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How to prevent an email RFP disaster

Christopher Marriott
How to prevent an email RFP disaster Christopher Marriott

I have sat on both sides of the table in a lot of enterprise email RFPs over the years. Sometimes it has been representing an ESP. More recently I've been helping marketers through the process of selecting a new ESP. Some of what I've seen over time has surprised me, so this month I'm going to share tips for both ESPs and marketers on how to improve the RFP process -- and possibly, if you are an ESP, how to improve your chances of a win in your next pitch for an enterprise client.

Tip No. 1 for marketers: Plan your meeting agendas carefully

It's important that you remember you are going to have to sit through final presentations for several ESPs. Keep this in mind when drawing up agendas for the in-person meetings. For example, while it might seem like a great idea to hear about things like "How email is evolving" or "The impact of mobile on email marketing," there are plenty of places you can get this information. Devoting a significant part of the in-person presentations to topics like this means that you are going to have to sit through four or more presentations on the same topic. You can trust me that by the third meeting you are going to dread this section. Why? Because all of the ESPs are going to tell you pretty much the exact same thing on broad industry topics like these. You're not going to hear anything that will help you determine who might be the best partner.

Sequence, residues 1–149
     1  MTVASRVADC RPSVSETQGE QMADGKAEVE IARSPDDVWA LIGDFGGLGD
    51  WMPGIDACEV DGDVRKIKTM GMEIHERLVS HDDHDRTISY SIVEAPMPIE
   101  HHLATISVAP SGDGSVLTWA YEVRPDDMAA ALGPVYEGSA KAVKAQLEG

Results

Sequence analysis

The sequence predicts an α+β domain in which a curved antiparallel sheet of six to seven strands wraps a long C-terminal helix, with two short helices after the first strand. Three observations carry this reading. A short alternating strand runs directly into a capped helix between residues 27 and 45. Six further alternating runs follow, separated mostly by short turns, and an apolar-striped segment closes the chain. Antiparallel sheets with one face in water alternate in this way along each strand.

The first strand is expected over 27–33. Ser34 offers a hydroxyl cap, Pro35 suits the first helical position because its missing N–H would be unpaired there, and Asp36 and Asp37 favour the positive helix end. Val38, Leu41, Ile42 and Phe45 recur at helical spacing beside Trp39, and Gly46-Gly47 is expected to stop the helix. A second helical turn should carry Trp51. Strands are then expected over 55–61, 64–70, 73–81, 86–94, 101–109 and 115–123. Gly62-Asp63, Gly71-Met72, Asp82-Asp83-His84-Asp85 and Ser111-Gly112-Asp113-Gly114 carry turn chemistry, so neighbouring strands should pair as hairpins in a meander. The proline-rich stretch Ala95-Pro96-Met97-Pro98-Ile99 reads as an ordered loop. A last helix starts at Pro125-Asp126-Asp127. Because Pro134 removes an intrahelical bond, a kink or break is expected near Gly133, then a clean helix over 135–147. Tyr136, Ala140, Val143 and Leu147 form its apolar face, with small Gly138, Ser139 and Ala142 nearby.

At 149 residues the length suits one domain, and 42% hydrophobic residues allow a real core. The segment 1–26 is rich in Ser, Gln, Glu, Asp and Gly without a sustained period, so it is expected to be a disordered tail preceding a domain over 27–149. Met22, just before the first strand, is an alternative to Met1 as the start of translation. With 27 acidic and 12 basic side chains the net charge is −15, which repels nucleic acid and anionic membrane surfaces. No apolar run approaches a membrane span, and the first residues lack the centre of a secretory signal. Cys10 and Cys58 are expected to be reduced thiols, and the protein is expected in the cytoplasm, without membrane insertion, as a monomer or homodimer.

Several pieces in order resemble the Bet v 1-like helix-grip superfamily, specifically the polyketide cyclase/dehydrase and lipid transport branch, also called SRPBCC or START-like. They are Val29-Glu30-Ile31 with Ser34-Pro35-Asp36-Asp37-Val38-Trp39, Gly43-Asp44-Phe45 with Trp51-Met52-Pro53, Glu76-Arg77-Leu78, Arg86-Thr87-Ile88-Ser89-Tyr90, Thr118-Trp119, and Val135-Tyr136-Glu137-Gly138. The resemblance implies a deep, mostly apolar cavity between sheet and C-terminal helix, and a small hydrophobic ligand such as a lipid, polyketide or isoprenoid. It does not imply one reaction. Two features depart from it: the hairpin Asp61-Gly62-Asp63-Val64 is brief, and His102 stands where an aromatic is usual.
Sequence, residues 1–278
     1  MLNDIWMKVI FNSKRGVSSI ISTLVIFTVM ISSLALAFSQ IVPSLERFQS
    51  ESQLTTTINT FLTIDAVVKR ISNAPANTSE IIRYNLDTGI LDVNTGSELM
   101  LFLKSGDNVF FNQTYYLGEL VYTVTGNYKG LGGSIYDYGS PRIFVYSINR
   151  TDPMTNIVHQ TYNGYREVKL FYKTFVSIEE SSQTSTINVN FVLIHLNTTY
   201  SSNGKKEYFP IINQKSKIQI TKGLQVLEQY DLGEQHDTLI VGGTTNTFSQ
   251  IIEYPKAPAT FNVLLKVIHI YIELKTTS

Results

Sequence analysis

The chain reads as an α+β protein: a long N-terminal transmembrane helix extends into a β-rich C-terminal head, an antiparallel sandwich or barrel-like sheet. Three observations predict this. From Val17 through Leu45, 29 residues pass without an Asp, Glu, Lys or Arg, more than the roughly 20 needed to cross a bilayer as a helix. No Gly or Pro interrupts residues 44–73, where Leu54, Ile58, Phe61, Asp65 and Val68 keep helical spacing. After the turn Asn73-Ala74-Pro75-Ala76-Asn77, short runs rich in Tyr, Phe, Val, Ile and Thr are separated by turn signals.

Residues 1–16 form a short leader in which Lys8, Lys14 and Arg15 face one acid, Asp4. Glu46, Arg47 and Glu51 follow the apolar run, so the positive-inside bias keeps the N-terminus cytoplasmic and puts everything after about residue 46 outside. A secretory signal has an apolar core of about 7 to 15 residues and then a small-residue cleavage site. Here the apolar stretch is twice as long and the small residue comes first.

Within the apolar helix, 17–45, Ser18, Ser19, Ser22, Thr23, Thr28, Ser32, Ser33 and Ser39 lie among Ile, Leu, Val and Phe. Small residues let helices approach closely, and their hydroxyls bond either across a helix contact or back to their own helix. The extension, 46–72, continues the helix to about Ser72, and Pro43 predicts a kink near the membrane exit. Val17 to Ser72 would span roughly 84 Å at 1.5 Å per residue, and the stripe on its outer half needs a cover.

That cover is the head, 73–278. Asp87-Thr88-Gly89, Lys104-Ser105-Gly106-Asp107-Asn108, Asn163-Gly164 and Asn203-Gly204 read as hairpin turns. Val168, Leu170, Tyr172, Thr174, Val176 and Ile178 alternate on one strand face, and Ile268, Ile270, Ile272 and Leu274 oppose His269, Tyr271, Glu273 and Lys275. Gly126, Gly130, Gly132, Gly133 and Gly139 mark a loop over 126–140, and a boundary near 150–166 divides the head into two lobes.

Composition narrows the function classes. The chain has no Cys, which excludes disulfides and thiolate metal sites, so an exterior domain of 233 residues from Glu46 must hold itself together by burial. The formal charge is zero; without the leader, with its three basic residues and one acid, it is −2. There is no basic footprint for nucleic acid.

A better approach is to figure out what it is about your current partner that has brought you to this point. Are there pain points in the process that could perhaps be made to disappear if you changed ESPs? Are there steps that could be automated to reduce time and cost? Use cases are a great way to get fresh thinking, even from the incumbent. Asking the ESPs to use the in-person meeting to respond to specific use cases lets you see how they approach problems, how they think, and who the really smart people on their teams are. Even if you're doing the RFP only because procurement mandates you do one every three or four years, that doesn't mean you should simply settle for a cheaper ESP. Switching is going to be brutal; don't kid yourself. It's only worth it if you get a better solution along with some cost savings. Asking their opinions on social media isn't going to get you there.

Tip No. 2 for marketers: The search process is going to take longer than you think -- every time!